A massive conjoint demonstration marched from the Congress to the governmental house the 3rd of July, and another one is being planned for the 9th of July. The latter date is Argentina's Independence Day, and the slogan of the meeting will be "For the second and definitive independence".
President Duhalde has just decided to anticipate the next elections, which will be held in March 2003 instead of September, as in the original schedule. This sudden decision was probably taken as a result of popular pressure, but surely following IMF "informal" suggestions that negotiations related to the external debt should not be carried out by provisional authorities.
The rescheduling of the elections, however, finds the left wing and progressive movement unprepared. Whilst the Piqueteros are growing in direct action strategies, they have no common electoral plans. Some of the groups are related to Trotskyst parties, which in turn have no inclination to built unity.
Other groups, such as the CAV, follow autonomist tactics, and seem not to be interested in electoral politics at all. On the other hand, the majority of the Piqueteros belong to the progressive trade union, the CTA, which in turn is divided with respects to the election. Indeed, factions of the CTA support at least three different progressive parties, whilst some of the members are discussing the possibility to create a Workers Party in the style of the Brazilian PT.
Finally, the Piqueteros of the powerful CCC, originally related to a Maoist party but now partially independent from it, have been working in alliance with the CTA.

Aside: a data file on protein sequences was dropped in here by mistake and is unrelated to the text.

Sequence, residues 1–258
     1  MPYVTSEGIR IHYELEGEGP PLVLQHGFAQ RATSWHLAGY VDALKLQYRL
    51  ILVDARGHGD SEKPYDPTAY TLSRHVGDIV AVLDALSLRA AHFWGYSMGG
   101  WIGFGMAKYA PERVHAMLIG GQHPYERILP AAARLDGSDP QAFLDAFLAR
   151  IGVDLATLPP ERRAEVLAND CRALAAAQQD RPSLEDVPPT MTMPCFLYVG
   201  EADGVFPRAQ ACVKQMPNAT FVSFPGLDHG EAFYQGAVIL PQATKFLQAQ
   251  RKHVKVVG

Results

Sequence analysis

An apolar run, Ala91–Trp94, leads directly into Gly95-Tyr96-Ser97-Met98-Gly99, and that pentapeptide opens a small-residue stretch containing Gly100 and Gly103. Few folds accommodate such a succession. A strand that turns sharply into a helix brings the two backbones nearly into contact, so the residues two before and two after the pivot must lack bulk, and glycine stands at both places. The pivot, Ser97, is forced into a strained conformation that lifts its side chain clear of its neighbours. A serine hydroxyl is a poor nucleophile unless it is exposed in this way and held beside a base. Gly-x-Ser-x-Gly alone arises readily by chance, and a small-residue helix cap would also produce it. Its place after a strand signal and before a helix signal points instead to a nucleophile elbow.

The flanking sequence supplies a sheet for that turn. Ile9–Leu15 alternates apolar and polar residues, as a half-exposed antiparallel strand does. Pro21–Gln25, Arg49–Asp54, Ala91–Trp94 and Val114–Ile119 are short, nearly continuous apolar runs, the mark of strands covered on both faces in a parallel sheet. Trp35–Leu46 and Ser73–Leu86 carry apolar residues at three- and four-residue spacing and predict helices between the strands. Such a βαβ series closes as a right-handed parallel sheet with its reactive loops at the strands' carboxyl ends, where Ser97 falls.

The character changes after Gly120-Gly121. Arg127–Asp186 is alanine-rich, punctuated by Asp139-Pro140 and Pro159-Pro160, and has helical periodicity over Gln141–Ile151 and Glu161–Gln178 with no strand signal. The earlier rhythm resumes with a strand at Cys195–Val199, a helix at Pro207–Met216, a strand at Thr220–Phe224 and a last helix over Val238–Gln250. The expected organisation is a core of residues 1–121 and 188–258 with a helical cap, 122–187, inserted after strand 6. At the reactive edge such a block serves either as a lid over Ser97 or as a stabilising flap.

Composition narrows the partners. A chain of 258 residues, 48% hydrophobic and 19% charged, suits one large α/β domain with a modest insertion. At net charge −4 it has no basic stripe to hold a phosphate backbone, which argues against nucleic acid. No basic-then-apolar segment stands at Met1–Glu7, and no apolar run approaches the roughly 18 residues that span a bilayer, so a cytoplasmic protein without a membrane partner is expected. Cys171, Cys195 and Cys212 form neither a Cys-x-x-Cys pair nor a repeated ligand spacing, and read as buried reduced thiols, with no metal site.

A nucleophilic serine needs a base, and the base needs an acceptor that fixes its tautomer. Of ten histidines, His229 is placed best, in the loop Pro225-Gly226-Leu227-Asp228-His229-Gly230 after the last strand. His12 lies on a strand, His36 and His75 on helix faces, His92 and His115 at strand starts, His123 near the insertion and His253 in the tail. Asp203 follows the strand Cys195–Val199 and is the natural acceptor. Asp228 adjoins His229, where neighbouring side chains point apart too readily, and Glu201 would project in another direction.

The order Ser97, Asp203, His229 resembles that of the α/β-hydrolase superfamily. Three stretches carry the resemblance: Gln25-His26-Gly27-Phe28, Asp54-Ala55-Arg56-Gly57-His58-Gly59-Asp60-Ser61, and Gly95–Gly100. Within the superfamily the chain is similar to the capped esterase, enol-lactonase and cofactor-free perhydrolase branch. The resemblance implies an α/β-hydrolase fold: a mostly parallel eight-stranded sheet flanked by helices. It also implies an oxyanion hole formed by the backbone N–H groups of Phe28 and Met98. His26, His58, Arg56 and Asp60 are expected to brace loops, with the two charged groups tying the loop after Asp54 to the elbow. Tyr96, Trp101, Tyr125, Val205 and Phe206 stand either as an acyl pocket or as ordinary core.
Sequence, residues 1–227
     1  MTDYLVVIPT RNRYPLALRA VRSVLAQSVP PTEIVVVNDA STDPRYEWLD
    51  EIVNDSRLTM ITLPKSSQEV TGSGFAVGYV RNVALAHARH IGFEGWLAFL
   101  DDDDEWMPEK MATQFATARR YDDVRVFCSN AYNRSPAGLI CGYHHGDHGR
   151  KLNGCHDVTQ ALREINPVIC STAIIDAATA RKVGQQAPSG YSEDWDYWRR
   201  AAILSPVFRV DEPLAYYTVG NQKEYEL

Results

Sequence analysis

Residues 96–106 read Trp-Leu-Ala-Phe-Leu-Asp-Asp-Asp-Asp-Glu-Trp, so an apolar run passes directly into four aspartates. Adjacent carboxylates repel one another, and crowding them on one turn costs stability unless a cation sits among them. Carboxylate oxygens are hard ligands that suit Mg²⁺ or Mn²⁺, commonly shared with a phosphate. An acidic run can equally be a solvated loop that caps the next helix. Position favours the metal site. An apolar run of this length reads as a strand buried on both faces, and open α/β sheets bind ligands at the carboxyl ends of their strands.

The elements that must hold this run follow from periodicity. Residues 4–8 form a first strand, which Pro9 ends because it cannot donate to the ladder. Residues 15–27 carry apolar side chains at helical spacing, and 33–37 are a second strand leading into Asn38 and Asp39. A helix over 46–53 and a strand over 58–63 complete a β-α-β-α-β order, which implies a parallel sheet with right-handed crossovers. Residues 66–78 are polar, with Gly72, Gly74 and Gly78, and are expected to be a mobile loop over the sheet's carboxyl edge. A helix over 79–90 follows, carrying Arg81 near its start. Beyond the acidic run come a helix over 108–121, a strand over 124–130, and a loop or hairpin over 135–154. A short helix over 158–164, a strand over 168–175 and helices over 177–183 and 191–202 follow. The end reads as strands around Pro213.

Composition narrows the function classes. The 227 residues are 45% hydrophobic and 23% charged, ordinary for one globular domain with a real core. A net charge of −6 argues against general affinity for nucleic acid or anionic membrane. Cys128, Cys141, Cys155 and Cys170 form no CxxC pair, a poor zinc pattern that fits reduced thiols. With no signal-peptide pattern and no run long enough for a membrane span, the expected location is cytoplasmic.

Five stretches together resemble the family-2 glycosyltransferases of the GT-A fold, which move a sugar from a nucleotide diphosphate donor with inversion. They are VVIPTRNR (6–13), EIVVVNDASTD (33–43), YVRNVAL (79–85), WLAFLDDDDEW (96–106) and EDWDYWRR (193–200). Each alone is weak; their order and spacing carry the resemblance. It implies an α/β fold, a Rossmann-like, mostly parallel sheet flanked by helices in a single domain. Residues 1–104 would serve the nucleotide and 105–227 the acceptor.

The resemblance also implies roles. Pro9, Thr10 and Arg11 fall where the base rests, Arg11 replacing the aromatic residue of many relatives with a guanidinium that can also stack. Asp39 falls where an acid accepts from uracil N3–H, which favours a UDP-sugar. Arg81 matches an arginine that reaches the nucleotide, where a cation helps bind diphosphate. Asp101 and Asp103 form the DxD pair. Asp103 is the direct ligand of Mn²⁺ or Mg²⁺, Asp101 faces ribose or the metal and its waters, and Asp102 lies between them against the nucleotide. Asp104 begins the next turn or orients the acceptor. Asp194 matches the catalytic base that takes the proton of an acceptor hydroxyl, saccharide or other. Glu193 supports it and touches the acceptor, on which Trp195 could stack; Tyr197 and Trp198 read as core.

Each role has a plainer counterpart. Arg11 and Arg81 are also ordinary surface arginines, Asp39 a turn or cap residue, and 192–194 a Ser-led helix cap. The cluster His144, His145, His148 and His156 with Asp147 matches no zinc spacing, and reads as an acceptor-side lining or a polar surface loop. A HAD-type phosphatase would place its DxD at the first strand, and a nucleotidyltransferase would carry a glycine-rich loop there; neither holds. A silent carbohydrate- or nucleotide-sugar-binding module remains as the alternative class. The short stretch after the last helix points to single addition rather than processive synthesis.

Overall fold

The movement of neighbors' assemblies seems to be in a similar situation. Many of the neighbors who participate in the assemblies also belong to different political parties, be it progressive or radical; for the moment, this has prevented the emergence of a unified position regarding the elections.
The attempts to create a national network of assemblies have failed, and even the inter-neighborhood assembly of Buenos Aires has serious problems to make harmonize the heterogeneity of the phenomenon.
As for the existing political parties, the situation is not better. Although they have been growing rapidly, the Trotskyst and Communist parties remain trapped in sectarianism; none of them seems capable to offer an alternative to the social movement as a whole. On the other side, the existing progressive parties, such as Elisa CarriÃ³'s ARI, or the Frente para el Cambio, will probably do very well in the elections (CarriÃ³ has good chances to become President).
However, their moderate politics is not appealing enough for most of the people involved in street protest, assemblies, or blockades. On the contrary, the radical deputy Luis Zamora, who gained immense popularity in the last months, has the chance to gain the support of much of the movement. But, at the moment, he is only starting to organize his party AutodeterminaciÃ³n y Libertad. If he finally does so according to the principle of horizontality, as he has announced, the creation of the new party is likely to take a very long time.
In sum, even when the variety of the social movement is a sign of its vitality, the lack of a common strategy for the elections may pose a serious threat in the near future. If a right wing candidate manages to win, attempts to suppress social protest can be expected.
Meanwhile, the contagion of Argentina's economic crisis is seriously affecting Uruguay, Paraguay and Brazil, whilst countries such as Venezuela, Paraguay and Peru have recently witnessed massive waves of protest against neo-liberal policies. The expected triumph of left-wing leader Lula in the next elections in Brazil may change the political landscape of the whole Latin America dramatically.
However, as was the case in the 1970s, the radicalization of the continent may increase the possibilities of authoritarian attempts -be it military of civilian-as the US-backed unsuccessful coup d'Ã©tat against Hugo Chavez proves.
After more that six months since President De la RÃºa was overthrown, Argentina's wide and surprisingly creative social movement faces new possibilities, but also greater dangers.